"A couple of weekends ago I was listening to the first couple of Pink Floyd LPs. And I know purists prefer the songs that Syd Barrett wrote, but I find some of those a bit too twee to be endured any longer. But things like ‘Set Controls For The Heart Of The Sun’ I still quite like to hear from time to time. And bands like Neu in particular and then a few years later Tangerine Dream seemed to be taking that kind of spirit just perhaps a little further, and stripping it down rather than adding anything to it."[11]

He continued to play occasional tracks by Floyd into the 21st century, often accompanied by stories such as his role in the inclusion of You'll Never Walk Alone at the end of 'Fearless' on Meddle (1971) [12] or how he owned a poster that showed him billed above Pink Floyd. [13]

After Peel's death, guitarist David Gilmour played on the 2005 tribute single Ever Fallen In Love (With Someone, You Shouldn't 'Ve)? while 'Set The Controls For The Heart Of The Sun' was picked by the DJ's family for the John Peel - A Tribute compilation.

In March 2013, John Peel Archive revealed that Peel owned three copies of 'Dark Side Of The Moon'.

Their Mortal Remains, an exhibition held at the Victoria & Albert Museum in London in 2017 celebrating the art of Pink Floyd, opens with a quote by John Peel which reads “They could have joined the audience at one of their own gigs without being recognised.”[2]

Festive Fifty Entries

Sessions

1. Recorded: 1967-09-25. First broadcast: 01 October 1967. Repeated: 05 November 1967.

  • The Gnome / Scarecrow / Set The Controls / Matilda Mother / Reaction In G / Flaming

2. Recorded: 1967-12-20/ First broadcast: 31 December 1967. Repeated: 11 February 1968.

  • Vegetable Man / Scream Thy Last Scream / Jug Band Blues / Pow R Toch H

3. Recorded: 1968-06-25. First broadcast: 11 August 1968. Repeated: 08 September 1968.

  • The Murderistic Woman Or Careful With That Axe Eugene / The Massed Gadgets Of Hercules / Let There Be More Light / Julia Dream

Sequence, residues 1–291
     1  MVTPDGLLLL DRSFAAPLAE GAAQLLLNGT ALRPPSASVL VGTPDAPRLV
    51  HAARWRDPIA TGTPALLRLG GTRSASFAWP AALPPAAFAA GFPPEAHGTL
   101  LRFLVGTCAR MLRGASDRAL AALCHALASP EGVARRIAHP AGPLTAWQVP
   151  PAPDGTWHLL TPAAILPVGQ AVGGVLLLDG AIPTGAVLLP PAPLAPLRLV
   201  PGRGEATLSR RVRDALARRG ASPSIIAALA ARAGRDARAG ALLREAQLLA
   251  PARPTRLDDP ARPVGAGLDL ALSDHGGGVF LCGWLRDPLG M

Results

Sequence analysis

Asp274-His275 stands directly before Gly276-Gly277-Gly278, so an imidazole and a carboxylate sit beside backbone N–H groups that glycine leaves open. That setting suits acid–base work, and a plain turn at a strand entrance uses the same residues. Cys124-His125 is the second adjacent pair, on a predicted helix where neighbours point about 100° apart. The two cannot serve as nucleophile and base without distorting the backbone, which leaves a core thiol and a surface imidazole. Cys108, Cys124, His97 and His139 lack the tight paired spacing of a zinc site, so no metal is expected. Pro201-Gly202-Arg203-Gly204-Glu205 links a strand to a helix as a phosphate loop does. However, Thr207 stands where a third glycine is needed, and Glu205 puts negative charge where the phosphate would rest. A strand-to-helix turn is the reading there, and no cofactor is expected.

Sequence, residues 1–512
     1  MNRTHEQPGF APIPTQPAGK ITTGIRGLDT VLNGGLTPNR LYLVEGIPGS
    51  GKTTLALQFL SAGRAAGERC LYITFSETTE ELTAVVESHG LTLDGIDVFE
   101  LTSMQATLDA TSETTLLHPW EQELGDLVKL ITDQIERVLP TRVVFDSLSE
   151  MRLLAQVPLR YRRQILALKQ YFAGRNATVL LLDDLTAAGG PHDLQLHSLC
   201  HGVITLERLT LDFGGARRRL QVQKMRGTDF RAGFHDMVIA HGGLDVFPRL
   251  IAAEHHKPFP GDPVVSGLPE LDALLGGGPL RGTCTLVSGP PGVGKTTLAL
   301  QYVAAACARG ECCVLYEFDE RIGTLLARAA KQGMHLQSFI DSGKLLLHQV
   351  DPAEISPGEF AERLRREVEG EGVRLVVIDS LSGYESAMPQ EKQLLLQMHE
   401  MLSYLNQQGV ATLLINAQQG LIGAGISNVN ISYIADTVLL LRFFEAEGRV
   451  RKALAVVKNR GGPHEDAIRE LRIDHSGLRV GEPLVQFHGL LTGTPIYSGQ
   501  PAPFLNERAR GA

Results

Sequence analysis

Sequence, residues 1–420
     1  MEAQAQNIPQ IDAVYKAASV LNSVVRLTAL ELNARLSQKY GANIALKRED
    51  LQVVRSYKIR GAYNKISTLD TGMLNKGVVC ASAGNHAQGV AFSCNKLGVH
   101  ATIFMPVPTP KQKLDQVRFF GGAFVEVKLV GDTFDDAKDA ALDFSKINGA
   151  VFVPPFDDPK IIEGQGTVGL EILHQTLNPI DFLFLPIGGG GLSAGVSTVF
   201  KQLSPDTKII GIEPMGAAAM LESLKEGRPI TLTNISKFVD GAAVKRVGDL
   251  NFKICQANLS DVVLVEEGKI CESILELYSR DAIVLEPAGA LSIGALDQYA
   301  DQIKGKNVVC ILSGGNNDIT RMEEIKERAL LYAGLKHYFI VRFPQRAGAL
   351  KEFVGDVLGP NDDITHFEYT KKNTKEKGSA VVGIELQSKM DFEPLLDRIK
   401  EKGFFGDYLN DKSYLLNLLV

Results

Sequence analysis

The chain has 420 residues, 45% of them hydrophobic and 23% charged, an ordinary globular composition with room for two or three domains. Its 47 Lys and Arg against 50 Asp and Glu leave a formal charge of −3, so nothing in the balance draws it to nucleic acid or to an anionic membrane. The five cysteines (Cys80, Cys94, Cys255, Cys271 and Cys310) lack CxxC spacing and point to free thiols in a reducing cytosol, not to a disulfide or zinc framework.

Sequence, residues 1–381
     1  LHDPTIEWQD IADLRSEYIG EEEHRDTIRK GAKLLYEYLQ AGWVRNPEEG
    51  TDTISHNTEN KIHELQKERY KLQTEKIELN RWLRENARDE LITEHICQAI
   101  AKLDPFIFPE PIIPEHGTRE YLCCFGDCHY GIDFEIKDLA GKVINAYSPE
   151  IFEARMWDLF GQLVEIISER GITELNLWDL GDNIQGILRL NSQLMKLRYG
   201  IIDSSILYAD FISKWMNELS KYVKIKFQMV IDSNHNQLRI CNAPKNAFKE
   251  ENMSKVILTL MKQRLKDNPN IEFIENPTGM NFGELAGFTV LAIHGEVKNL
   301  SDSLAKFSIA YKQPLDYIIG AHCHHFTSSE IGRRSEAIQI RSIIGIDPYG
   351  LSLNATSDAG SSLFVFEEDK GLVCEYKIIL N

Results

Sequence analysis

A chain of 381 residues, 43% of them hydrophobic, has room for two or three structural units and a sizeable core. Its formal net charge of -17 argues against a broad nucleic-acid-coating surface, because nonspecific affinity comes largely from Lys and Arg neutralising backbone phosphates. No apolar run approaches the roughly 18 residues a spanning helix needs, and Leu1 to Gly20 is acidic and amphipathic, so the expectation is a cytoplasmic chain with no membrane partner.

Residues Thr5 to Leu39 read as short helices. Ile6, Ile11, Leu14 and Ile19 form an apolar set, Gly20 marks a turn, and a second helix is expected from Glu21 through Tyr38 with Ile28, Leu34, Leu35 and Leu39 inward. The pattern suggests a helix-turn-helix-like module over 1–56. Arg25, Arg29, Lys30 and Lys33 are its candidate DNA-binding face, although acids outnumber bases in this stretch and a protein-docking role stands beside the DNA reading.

4. Recorded: 1968-12-02 First broadcast: 15 December 1968. Repeated: 19 January 1969.

  • Point Me At The Sky / Baby Blue Shuffle In D Major / The Embryo / Interstellar Overdrive

5. Recorded: 1969-05-12 First broadcast: 14 May 1969. Repeated: 01 June 196925 September 1975.

  • Daybreak / Nightmare / The Narrow Way / The Beginning / Beset by Creatures of the Deep

There was some confusion that "Apples and Oranges" was recorded during the first session and broadcast on the repeat on 05 November 1967. However, in an interview, producer Bernie Andrews said that "' we used the actual single rather than a 'Top Gear' recording. I'd have done a deal with Peter Jenner and EMI about using that for the repeat because they would have wanted the single on the show, and we couldn't record it for the session 'for obvious reasons'". [14]

Pink Floyd used different titles for their songs when recording them on sessions. Session #3: "The Murderistic Woman" is "Careful With That Axe, Eugene" and "The Massed Gadgets of Hercules" is a variation on the title-track of "A Saucerful of Secrets". Session #4: "Baby Blue Shuffle in D Major" is The Narrow Way", while on session 5 "Daybreak" is "Grantchester Meadows", "Nightmare" is "Cymbaline", "The Beginning" is "Green is the Color" and "Beset by Creatures of the Deep" is "Careful With That Axe, Eugene".

Live

  1. Embryo
  2. Fat Old Sun
  3. Green Is The Colour
  4. Careful With That Axe Eugene
  5. If
  6. Atom Heart Mother
  1. Embryo
  2. Blues
  3. Fat Old Sun
  4. One of These Days
  5. Echoes

(‘Embryo’ and ‘Blues’ not transmitted on BBC) [15]

Other Shows Played

(The following list was drawn up only from the database of this site and Lorcan's Tracklistings Archive and is almost certainly incomplete. Please add more information if known.}

1967
(The hit single 'See Emily Play' was chosen as John Peel's Climber on Radio London for the week beginning 28th May 1967 and several tracks from Piper At The Gates Of Dawn were played by Peel on Perfumed Garden for some weeks before its official release on 1967-08-05. [16])
1968
  • 30 June 1968: Corporal Clegg (LP: A Saucerful Of Secrets) UK Columbia (JP: "Yesterday in the park, Pink Floyd played better than I've ever heard them play before. I don't know what it was, it must have been the people there, the feelings that everyone was generating, because they played superbly. It was nice to hear them play that well, because they've been through a lot of very sad things in the past year. Anyway, they've got a new LP out called 'A Saucerful Of Secrets', and yesterday they finished their set with 'A Saucerful Of Secrets', which at the time sounded like a sort of hymn to the open air.")
  • 03 July 1968: Let There Be More Light (LP: A Saucerful of Secrets) UK Columbia
  • 24 November 1968: Point Me At The Sky (single) EMI Columbia
  • 22 December 1968: Point Me At The Sky (single) EMI Columbia
1969
  • 05 March 1969: Careful With That Axe, Eugene (b-side of single Point Me At The Sky) EMI Columbia
  • 11 October 1969: Astronomy Domine (Live) (LP - Ummagumma) Harvest
  • 25 October 1969: Sysyphus Part 4 (LP – Ummagumma) Harvest
1970
  • 28 March 1970: Come In Number 51, Your Time Is Up (LP - Zabriskie Point OST) MGM
  • 16 May 1970: Crumbling Land (LP – Zabriskie Point OST) MGM